Over 300 people have fallen ill from salmonella poisoning linked to Foster Farms chicken

Over 300 people have fallen ill from salmonella poisoning linked to Foster Farms chicken

The three Foster Farms plants linked to an outbreak of salmonella that has sickened over 300 people in the US will remain open after the processor's controls satisfied regulators.

Foster Farms has said the sites, all in California, were reviewed on Thursday (10 October) by officials from the US Department of Agriculture's Food Safety and Inspection Service, who "validated" a safety plan recently put in place by the company.

The processor said it had implemented "several new food safety controls" in the last two months and would install "added processes" over the next 90 days.

"We started this process more than two months ago and this officially validates our progress, but we are not stopping here," Foster Farms president and CEO Ron Foster said. "We are putting every resource and all of our energy toward food safety with the confidence that Foster Farms plants will be the most stringent in the industry."

In an update issued on Friday, the US Centers for Disease Control and Prevention said 317 people in 20 states and Puerto Rico had fallen ill from seven strains of salmonella heidelberg. The strains are resistant to "several commonly prescribed antibiotics", the CDC said.

According to the CDC, consumers had become ill between March and September. Illnesses that occurred after 1 September may not have been reported yet, it said.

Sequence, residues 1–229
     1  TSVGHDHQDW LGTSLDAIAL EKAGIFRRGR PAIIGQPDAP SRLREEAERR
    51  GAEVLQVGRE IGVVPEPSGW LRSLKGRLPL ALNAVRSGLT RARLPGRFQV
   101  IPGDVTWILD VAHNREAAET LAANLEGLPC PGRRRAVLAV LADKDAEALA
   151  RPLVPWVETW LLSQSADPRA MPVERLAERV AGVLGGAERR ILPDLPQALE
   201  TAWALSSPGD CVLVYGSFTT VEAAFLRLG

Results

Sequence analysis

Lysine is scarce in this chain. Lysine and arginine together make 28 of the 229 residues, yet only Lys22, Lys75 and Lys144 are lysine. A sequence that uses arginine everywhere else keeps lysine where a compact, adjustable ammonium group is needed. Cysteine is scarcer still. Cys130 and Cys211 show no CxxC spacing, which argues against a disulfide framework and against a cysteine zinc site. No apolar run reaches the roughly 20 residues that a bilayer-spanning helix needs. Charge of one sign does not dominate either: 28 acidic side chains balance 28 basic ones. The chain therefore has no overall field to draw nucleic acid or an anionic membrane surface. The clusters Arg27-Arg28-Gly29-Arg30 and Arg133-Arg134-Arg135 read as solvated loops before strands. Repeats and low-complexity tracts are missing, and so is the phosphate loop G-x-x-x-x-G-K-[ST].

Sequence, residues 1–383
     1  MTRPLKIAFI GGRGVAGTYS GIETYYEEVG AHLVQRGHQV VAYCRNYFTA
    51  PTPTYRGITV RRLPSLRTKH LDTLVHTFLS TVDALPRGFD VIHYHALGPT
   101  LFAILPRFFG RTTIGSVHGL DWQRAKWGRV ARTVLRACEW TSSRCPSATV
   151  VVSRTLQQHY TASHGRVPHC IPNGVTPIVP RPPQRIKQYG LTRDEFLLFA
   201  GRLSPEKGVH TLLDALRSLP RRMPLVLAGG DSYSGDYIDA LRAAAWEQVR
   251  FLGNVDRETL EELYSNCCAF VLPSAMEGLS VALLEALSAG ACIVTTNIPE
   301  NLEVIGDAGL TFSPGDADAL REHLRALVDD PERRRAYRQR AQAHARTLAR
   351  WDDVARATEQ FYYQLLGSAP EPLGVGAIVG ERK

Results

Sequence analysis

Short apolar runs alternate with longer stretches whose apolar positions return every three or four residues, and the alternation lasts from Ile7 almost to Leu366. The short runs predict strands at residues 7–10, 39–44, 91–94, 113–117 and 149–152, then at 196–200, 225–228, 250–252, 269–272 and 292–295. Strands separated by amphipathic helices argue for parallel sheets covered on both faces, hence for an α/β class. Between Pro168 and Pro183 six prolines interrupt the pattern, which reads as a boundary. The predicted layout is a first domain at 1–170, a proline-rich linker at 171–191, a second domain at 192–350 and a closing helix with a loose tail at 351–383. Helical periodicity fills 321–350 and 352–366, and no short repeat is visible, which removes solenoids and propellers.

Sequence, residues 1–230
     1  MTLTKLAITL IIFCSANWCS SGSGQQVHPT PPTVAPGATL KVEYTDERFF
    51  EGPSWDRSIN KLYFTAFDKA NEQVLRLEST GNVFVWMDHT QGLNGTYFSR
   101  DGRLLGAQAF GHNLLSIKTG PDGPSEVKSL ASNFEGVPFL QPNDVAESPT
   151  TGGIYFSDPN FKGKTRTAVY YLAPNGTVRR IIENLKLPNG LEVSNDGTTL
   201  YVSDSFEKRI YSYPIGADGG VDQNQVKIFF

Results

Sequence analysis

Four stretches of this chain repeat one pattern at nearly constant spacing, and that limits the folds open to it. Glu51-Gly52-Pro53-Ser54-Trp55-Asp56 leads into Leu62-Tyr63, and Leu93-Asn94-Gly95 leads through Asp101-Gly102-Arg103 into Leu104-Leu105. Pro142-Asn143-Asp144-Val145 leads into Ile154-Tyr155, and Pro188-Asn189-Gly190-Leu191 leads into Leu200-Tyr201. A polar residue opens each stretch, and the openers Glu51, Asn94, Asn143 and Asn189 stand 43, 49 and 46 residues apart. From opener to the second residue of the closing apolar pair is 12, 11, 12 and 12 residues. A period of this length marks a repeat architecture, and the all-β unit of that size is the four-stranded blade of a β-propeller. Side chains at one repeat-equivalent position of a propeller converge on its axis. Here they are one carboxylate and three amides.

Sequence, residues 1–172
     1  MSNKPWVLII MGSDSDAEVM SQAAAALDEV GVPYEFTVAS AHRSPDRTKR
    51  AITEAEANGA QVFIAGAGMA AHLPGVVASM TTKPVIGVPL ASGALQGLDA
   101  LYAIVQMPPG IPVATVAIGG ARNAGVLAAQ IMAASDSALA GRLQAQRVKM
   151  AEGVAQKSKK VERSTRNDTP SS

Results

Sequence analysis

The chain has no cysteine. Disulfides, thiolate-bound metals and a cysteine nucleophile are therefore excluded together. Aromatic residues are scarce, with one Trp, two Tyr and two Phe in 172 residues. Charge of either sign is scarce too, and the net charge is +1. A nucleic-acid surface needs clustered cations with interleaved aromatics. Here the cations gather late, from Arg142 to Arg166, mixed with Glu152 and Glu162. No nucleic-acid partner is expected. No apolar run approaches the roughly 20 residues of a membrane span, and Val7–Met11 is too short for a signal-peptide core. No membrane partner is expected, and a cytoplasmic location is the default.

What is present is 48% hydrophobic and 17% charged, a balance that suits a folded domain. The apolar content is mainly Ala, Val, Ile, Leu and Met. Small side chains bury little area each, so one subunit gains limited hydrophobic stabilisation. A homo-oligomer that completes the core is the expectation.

The CDC said tests had shown Foster Farms brand chicken was the "likely source" of the outbreak. It added Fosters Farms' moves to implement "immediate substantive changes" to their slaughter and processing operations had meant its plants could stay open.

"This investigation is ongoing. USDA-FSIS is prepared to take additional actions or expand the investigation based on new evidence," the CDC said.

Last week, consumer watchdog The Center for Science in the Public Interest, reflecting on the outbreak, said the shutdown of the US federal government is putting the country's citizens "at risk".

"This outbreak shows that is a terrible time for government public health officials to be locked out of their offices and labs, and for government websites to go dark. The salmonella strains are showing resistance to multiple antibiotics, and that means more people are going to the hospital and their infections will be harder for physicians to treat," CSPI food safety director Caroline Smith DeWaal said.

"This outbreak is further evidence that consumers need our government back at work, with food-safety agencies adequately funded."